His attitude is at the opposite extreme from that of Dale Robertson, who was handed the sour, sour apple. Although his studio, Twentieth, is obviously not happy about this award, it has not complained for it understands the justice of our choice.
I remember the first time I ever talked with Dale professionally. He was brand new then, and I interviewed him together with Mitzi Gaynor, who was equally new. Dale shocked me at the time by saying, “I’m in this business only for the money it earns me.” Mitzi was even more shocked than I. “Oh, Dale,” she said, “you know you have to be madly in love with this business to endure it. You have to give to it as well as take from it—and you know it.”
“Not me!” said Dale. “I’m after the dough. That’s all.”
And, sadly, that does seem to have been all so far. The sour-apple award is just one evidence of a point of view that can prevent Dale, no matter how talented and handsome he is, from being the top star he ought to be.
He has not, incidentally, made a single objection—at least not one that we have heard of—to his prize. He probably knows that he really deserves it.
His silence on the subject reminds me of the only amusing reaction the Women’s Press Club has ever had to its sour-apple award. It was back in 1944 when we pinned the least-co-operative tag on Sonja Henie, and, as a result, were confronted directly by her boss, the witty William Goetz, then head of International Films.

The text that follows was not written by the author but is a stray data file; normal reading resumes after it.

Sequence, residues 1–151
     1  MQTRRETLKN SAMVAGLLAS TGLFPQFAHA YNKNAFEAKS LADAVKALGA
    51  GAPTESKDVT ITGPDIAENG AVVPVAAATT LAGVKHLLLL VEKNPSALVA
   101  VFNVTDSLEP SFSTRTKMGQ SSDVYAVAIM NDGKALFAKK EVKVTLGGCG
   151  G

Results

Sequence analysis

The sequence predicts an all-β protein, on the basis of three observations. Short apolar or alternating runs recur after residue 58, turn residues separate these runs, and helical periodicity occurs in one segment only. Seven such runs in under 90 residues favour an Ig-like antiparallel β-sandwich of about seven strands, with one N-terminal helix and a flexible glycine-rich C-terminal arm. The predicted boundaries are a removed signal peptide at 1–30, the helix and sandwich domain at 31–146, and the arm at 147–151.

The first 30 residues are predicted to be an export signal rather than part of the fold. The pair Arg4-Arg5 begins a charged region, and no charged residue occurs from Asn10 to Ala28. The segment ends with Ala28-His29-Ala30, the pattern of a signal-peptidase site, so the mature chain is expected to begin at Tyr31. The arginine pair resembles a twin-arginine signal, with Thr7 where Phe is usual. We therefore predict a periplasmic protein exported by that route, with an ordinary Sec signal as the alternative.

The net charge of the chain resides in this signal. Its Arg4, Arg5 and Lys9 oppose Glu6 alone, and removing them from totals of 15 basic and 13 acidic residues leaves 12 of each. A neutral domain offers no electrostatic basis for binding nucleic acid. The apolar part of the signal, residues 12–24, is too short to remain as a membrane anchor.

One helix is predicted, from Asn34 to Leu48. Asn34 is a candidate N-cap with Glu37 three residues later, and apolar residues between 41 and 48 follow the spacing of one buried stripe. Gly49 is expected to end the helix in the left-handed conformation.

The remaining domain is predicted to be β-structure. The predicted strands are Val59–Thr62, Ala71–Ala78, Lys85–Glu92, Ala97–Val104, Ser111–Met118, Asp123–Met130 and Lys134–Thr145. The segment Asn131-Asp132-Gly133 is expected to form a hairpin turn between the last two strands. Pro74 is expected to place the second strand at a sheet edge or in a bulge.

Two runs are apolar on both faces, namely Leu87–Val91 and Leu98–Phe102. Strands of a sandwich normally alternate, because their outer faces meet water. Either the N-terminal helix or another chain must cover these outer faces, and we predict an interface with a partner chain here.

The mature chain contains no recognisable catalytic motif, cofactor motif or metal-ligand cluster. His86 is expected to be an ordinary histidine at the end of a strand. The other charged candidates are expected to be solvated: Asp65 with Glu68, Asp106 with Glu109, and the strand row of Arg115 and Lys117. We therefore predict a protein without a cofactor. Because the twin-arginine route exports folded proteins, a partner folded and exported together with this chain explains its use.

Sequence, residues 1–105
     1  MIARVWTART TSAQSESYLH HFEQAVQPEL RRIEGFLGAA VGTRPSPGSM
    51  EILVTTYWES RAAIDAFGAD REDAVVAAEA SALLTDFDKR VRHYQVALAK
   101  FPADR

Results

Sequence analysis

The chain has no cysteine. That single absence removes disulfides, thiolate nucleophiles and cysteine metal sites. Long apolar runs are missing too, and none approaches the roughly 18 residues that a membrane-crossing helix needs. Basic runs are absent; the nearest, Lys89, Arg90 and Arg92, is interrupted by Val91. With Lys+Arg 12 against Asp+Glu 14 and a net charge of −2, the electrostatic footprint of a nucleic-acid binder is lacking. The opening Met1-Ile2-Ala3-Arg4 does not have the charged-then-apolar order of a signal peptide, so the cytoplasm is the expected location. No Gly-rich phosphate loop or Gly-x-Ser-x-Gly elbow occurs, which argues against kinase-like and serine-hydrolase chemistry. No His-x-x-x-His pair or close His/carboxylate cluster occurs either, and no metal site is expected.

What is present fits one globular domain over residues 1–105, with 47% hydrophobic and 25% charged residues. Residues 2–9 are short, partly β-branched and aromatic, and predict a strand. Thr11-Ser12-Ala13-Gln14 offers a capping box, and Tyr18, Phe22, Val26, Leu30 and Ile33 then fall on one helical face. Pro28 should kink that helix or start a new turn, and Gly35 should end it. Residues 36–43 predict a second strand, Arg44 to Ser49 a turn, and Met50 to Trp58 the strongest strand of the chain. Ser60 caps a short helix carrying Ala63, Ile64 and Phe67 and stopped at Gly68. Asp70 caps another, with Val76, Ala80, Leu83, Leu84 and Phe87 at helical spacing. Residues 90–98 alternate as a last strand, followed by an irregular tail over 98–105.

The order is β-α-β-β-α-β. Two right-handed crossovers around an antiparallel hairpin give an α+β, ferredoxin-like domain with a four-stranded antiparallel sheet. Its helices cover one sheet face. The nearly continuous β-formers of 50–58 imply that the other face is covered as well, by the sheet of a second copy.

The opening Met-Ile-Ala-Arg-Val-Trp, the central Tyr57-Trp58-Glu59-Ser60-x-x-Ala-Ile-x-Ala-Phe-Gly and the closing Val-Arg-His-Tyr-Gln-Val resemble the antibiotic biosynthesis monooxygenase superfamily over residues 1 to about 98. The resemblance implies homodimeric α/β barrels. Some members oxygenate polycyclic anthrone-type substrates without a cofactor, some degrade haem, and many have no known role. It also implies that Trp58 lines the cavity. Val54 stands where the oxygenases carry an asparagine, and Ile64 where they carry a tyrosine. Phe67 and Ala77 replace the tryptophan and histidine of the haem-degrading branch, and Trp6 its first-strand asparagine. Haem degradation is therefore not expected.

Before I go on, let me explain that our golden apple is really solid gold, a lapel pin for the girls, a golden script marker for the men, all duly engraved with our happiest sentiments and the winner’s name. But we don’t give anything as a memento for the un-ro-operative award.
“Doesn’t Sonja get a thing?” moaned Bill Goetz. “Can’t you give her a scroll or something, so that I can hang it up in the studio lunch room where all of us can enjoy it?”
Bill was just being more forthright than Paramount, who will now admit they felt delighted when we leveled out at Joan Fontaine in 1943. But they didn’t say so then. Joan was at the top of her form in those days. The smash success of “Rebecca”; an Oscar for her work in “Suspicion,” were just behind her; and the equal smash success of “Frenehmen’s Creek” just ahead of her. And she was, as stars so often are under those circumstances, feeling her oats.
She was, in fact, Miss Big. She had people fired right and left.
On our part, we had to get news of her—and we couldn’t. So we gave her the knock—and I must say, she listened. She’s smart, this Fontaine. When she saw the miles of unwanted published words the sour-apple title got her, she reversed herself. As a matter of fact, she went so completely out of her way to be gracious that we gave her the most co-operative award four years later.